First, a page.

Design is, for better or worse, something that everyone has opinions about. While you can usually point to "good" and "bad" design there’s no accounting for taste; some people like subtle, refined design while others prefer bold and aggressive work, and there’s nothing wrong with that. I’ve always felt the worst design is the kind that’s boring and inoffensive, and that’s unfortunately where the look of US Soccer seems to reside.
Soccer kits generally inspire violent reaction from a team’s fans and this World Cup will be no different. Designers will go with classic looks in some instances and take bold chances in others, and either way you’ll have a segment of unhappy supporters. In the case of US Soccer the desired reaction seems to be one of indifference.
The USMNT 2014 World Cup home jersey was revealed last Monday morning and the soccer public seemed generally unimpressed. While I imagine there’s some hidden tech in the jersey that we aren’t aware of, to most it looks like Nike has given us a Dri-Fit polo with the oft maligned US Soccer logo on it. It’s hardly anything that looks uniquely American, unless our definition of uniquely American is an accountant on casual Friday.
Our country has a rich and colorful history full of iconic imagery, from the Stars and Bars to the bald eagle to the Gadsen Flag, and at times our uniforms have integrated aspects of all of these. The red and white hoops of this past World Cup qualifying cycle weren’t exactly unique as a soccer jersey but did make the US readily identifiable on the field. The sash applied to the USA kit in the 2010 World Cup divided critics but had a nice historical nod to past American World Cup jerseys and gave the US squad a unique look.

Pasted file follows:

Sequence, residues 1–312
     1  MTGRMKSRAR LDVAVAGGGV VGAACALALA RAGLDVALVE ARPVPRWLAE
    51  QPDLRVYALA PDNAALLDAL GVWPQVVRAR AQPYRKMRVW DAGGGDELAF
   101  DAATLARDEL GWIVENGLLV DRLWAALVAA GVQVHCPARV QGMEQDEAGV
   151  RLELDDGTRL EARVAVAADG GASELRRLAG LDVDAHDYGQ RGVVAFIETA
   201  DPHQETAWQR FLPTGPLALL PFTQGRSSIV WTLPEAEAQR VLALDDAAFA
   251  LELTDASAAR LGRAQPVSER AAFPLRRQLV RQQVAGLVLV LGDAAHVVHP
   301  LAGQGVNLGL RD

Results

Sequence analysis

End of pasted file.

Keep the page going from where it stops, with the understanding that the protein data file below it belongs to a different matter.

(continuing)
Countries like Germany, Ireland, and Russia do a great job borrowing iconic imagery from their countries' history and integrating them into their kits and logos. Here in the States the US Olympic Hockey team borrowed a logo that looked quite similar to the US Soccer Centennial badge and used it on a nice, classic look for this past Winter Olympics.
Hopefully US Soccer will look to take cues from these other federations and start to brand US Soccer into a product that will look sharp on the field as well as, hopefully, help bring a distinctly American brand of soccer into the public eye with sales of jerseys and other items.
If they’re truly stumped, let’s let Nike have a shot at reworking the US Soccer badge and overall look. I don’t have any desire to go with fluorescent uniforms and shiny chrome shoes, but if Nike can make playing football at Oregon look cool imagine what they can do for the Yanks.